The main parameter for a hydraulic cylinder tube is its internal diameter. But more specifically, its internal diameter and concentricity along its entire length. They way to check this is with an internal micrometer in at least two planes at 90 degrees to each other.
You’re looking for two things: to get a nominal “size” on the tube and to make sure this size is consistent along its length. Obviously, if the I.D. increases markedly at some point along its length, then the tube has ‘ballooned’ and must be scrapped.
A standard internal micrometer works well for hydraulic cylinder tubes which are no longer than your arm! Anything longer than this requires special equipment. For long, large diameter cylinders, repair shops use a special bore gauge. At the measuring end it has two wheels on one side and a spring-loaded pin on the other. Change in the position of this pin is displayed on a dial gauge. Extension pieces are then added as required for the length of the tube – making the device into an extended T shape. The readout is attached to the end of the required extension pieces.
Once the nominal bore diameter has been set according to the tube being measured, the operator ‘drives’ the bore gauge along the length of the tube while watching the readout for run-out in the nominal diameter. As mentioned above, this process is repeated in at least two planes to check for ballooning or out-of-round.
This equipment is expensive and so you are not likely to rush out and buy one of these unless you repair a lot of large diameter cylinders. But there is a very simple technique that can virtually negate the need to measure the I.D. of any hydraulic cylinder, large or small, to check for ballooning of the tube. And this is: paying careful attention to the condition of the piston seal. If the piston seal is intact and not showing and signs of extrusion, then it’s most unlikely that the tube is ballooned or out-of-round.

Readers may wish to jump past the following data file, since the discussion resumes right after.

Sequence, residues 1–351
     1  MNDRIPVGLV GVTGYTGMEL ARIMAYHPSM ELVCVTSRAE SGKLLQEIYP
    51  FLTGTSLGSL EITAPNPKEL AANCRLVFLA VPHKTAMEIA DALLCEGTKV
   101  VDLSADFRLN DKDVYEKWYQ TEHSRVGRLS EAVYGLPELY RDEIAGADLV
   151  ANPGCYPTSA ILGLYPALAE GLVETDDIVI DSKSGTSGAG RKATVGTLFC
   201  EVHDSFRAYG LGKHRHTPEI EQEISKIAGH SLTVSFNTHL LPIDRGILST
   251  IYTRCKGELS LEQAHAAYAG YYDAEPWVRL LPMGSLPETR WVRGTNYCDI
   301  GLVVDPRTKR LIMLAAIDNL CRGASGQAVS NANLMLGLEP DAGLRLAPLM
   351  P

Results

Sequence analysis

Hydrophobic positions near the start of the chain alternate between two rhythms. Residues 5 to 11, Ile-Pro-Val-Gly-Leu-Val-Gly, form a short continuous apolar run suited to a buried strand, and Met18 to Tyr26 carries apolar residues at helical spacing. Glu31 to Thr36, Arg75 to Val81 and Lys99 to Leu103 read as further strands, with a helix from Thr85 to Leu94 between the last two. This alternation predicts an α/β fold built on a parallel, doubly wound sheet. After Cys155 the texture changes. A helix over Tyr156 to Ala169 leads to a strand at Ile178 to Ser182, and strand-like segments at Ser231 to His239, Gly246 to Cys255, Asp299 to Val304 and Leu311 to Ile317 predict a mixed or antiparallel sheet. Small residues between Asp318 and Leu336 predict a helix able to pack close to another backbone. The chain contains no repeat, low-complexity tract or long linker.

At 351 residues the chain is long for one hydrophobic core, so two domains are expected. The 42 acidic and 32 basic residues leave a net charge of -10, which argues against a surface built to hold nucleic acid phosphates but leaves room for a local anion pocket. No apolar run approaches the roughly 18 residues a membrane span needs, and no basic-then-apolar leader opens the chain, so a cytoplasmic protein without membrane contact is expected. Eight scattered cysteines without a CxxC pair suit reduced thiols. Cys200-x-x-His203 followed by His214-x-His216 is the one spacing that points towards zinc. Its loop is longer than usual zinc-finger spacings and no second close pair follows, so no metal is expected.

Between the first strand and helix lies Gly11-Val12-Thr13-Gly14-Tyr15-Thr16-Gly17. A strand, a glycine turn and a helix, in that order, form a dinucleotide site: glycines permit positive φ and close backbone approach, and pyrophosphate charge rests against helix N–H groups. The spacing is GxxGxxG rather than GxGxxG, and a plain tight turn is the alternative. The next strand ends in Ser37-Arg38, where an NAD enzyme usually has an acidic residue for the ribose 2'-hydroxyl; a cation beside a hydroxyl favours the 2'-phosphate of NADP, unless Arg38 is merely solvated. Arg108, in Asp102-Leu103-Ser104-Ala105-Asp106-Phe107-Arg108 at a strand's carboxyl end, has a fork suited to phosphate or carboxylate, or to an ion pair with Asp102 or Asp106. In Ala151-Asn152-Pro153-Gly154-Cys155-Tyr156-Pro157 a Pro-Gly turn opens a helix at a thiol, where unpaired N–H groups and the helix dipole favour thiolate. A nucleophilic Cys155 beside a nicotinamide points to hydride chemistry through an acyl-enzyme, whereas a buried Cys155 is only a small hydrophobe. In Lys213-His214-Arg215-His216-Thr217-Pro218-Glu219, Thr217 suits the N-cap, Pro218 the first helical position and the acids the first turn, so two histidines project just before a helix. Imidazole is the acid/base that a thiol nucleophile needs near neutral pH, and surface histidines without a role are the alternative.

But for a hydraulic cylinder repairer, there are other reasons for needing to measure the I.D. of a tube along its entire length. If the bore is pitted or scored, honing will be required to remove it. If the tube I.D. is standard size (not already oversize) the procedure will usually involve honing the tube to 0.030″ oversize. And this has to be checked by measurement.
Once at 0.030″ oversize, the bore is inspected again and if all scoring and pitting has been removed, 0.030″ oversize piston seal and wear (bearing) bands are installed. If scoring and pitting is still obvious at 0.030″ oversize, the bore is honed to 0.060″ oversize and inspected again. Assuming all scoring and pitting has been removed, 0.060″ oversize piston seal and wear (bearing) bands are installed. If unacceptable pitting or scoring remains at 0.060″ oversize, the tube is scrap.
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I WISH YOU WERE MY TEACHER BACK IN 1973
at that time i was looking out for my future ,i could not tolerate Hydaulic classes.
your Hydraulic hobby facinate me, your wife and yourself are both correct when the question about giving up your hydralic intrest.
i still do not like hydralic and probably i make mistake in spelling it. surely i love your dedication to your faveriote subject
I was told that you only Hone out to .010 of the original size I presume that the seal kits are only available to this size?
Ian, as a general rule you can hone the tube to .010″ oversize and still use standard size seals. Beyond that you hone to suit oversize seals (if available): .030″ oversize or .060″ oversize.
Do you know of if there is a more modern way of measuring ram bores I am still using comparators which you set with micrometers.I measure tubes up to 15 inches diameter by 12ft long
Ian, that’s the way I’ve always done it!